This pattern is closer to tested results than those which have Si/Fe 3rd and 4th respectively. So if I were going to endorse any model, it would be this one.
    It fits logically, too, with the idea of a polarity between Ti and Fe, Ne and Si, such that development of one implies neglect of the other. Though it's still dangerous to insist on this kind of symmetry. Real things are seldom symmetrical.

    Thomson's theory is that personality types are brain types. And that Ps are essentially right-brained. (Js, left). The right-brained functions are (according to her) Ti, Ne, Fi and Se.
    This intuitively feels right to me on some level**, and there is some evidence to support such a view, but I don't think it's quite that simple.

    Ne, Se, and Fi, seem to be pretty right-brained. (Te, Fe, Si and Ni, left). Ti, I'm not sure about. On one level, it's very left-brained - analytical, abstract, detached, clinical, interested in precision. On another, it's right - more visual than verbal, sensitive to the "aesthetic" of an idea. Interested in the bigger picture, the congruity and cohesiveness, relatedness and holism of ideas, as opposed to their practical application. (I don't know how much of this is the influence of Ne, in my case). It may straddle the divide in some way. Jury's still out for me.

    ** it also goes some way to explain why there are two modes of "thinking", "feeling", "sensing" etc - each reflects the approach of the hemisphere in which they arise towards the domain of use. I think the conflation of the introversion/extroversion continuum with the "attitude" of functions confuses the picture somewhat. It might be more illuminating to call it "left"-feeling vs "right"-feeling, or something else entirely. (Although there is an association of right hemisphere with introversion, left with extroversion.)

    If you think of a function as a melody, it will have a very different quality played on a brass vs a stringed instrument, even if the notes and phrasing remain the same.
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    Gosh, the world looks so small from up here on my high horse of menstruation.

  5. #155
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    Honestly, I think it's INFP, but I can find plenty of faults in some of them. There's one girl I know who's INFP: she had a serious fight with friends she trusted and then her life started to go downhill. She's better now, but she has this need to constantly remind anybody who criticizes her that they "don't know what she's been through"; I understand that she's hurt, but you can't go living your life constantly reflecting on some stupid friend and reducing all of your faults to one event: you must take the reins some time. We're friends, but I'm not interested in her.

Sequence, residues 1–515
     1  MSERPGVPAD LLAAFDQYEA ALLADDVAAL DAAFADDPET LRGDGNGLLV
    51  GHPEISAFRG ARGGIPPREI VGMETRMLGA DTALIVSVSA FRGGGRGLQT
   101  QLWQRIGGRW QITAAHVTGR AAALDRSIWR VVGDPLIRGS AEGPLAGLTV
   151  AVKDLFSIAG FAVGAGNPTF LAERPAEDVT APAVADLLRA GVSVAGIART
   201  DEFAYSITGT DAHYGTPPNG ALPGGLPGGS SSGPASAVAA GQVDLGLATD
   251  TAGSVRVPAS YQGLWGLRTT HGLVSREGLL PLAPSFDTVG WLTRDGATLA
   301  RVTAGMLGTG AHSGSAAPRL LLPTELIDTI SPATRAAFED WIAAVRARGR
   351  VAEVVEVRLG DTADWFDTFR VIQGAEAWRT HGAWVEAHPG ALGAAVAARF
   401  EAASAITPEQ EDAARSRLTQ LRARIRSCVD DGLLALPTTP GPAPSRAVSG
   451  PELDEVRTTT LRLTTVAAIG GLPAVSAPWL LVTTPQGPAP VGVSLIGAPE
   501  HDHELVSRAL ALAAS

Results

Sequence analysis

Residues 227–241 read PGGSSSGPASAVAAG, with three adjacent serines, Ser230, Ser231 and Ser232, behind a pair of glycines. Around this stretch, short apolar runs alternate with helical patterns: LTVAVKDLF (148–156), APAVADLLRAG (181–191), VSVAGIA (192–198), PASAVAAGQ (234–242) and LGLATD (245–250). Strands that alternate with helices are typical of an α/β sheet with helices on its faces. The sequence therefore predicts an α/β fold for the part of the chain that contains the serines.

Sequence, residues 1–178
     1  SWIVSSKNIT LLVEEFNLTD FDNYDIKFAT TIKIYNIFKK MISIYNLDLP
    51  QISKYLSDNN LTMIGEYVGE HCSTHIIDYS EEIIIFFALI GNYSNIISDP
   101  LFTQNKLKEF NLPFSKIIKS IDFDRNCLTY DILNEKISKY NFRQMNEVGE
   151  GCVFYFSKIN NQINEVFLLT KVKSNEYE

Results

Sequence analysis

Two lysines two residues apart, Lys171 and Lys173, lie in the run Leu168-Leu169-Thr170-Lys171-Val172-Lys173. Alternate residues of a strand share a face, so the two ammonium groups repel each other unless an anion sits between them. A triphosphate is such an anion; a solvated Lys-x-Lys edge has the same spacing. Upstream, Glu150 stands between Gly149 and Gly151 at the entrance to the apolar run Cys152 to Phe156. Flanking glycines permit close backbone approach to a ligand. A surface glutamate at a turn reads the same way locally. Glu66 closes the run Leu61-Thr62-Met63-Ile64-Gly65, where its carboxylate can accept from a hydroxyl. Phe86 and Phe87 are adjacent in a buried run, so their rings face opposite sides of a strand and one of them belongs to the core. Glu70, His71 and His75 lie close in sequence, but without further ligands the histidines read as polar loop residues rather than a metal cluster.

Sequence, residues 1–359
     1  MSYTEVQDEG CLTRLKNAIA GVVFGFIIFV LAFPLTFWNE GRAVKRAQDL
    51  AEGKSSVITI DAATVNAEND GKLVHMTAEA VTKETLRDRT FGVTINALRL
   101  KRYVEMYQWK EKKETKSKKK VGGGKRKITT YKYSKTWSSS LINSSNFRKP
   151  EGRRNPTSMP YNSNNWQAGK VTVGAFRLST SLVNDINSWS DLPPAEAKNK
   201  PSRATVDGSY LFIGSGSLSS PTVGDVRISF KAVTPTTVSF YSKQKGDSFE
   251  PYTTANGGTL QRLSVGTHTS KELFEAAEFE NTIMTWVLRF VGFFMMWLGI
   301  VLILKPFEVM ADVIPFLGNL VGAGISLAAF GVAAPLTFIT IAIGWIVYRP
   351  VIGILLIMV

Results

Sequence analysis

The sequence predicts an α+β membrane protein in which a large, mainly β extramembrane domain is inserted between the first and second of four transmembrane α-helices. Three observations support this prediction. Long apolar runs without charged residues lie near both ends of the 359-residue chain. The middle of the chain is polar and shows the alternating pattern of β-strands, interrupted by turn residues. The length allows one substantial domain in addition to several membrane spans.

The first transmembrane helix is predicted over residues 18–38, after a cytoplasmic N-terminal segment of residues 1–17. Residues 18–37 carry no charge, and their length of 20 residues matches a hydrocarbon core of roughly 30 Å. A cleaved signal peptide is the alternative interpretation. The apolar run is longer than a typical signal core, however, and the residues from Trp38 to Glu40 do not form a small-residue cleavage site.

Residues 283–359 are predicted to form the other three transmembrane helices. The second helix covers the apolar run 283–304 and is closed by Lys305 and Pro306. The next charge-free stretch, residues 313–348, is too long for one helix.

Then there was another one who I got really close to. Everything was fine, but she was expecting public displays of affection from me: it's not that I wouldn't do it, but she's the first person who ever would do things - such as rub her shoulder against mine - so I didn't know how to react. Some other things happened, and I blew everything (I think she began to misinterpret my intentions, and when I tried to explain everything to her, it was too late: she wasn't interested in talking to me); I think it's best now that we just go on our own separate ways, but I still reflect quite a lot on how I screwed up. By the way, I didn't find any faults in this one, which is what drew me to her.
    Great men are like eagles, and build their nest on some lofty solitude.

    Schopenhauer

  6. #156
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    Quote Originally Posted by Aesthete View Post
    Honestly, I think it's INFP, but I can find plenty of faults in some of them. There's one girl I know who's INFP: she had a serious fight with friends she trusted and then her life started to go downhill. She's better now, but she has this need to constantly remind anybody who criticizes her that they "don't know what she's been through"; I understand that she's hurt, but you can't go living your life constantly reflecting on some stupid friend and reducing all of your faults to one event: you must take the reins some time. We're friends, but I'm not interested in her.

    Then there was another one who I got really close to. Everything was fine, but she was expecting public displays of affection from me: it's not that I wouldn't do it, but she's the first person who ever would do things - such as rub her shoulder against mine - so I didn't know how to react. Some other things happened, and I blew everything (I think she began to misinterpret my intentions, and when I tried to explain everything to her, it was too late: she wasn't interested in talking to me); I think it's best now that we just go on our own separate ways, but I still reflect quite a lot on how I screwed up. By the way, I didn't find any faults in this one, which is what drew me to her.
    In regards to the first girl, are you sure she wasn't referring to a cumulative effect rather than a single event? For example it may have been the biggest blow in a very long line of many: the former number are all painful but all internalised until said event causes things to boil over.

  7. #157
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    Quote Originally Posted by Standuble View Post
    In regards to the first girl, are you sure she wasn't referring to a cumulative effect rather than a single event? For example it may have been the biggest blow in a very long line of many: the former number are all painful but all internalised until said event causes things to boil over.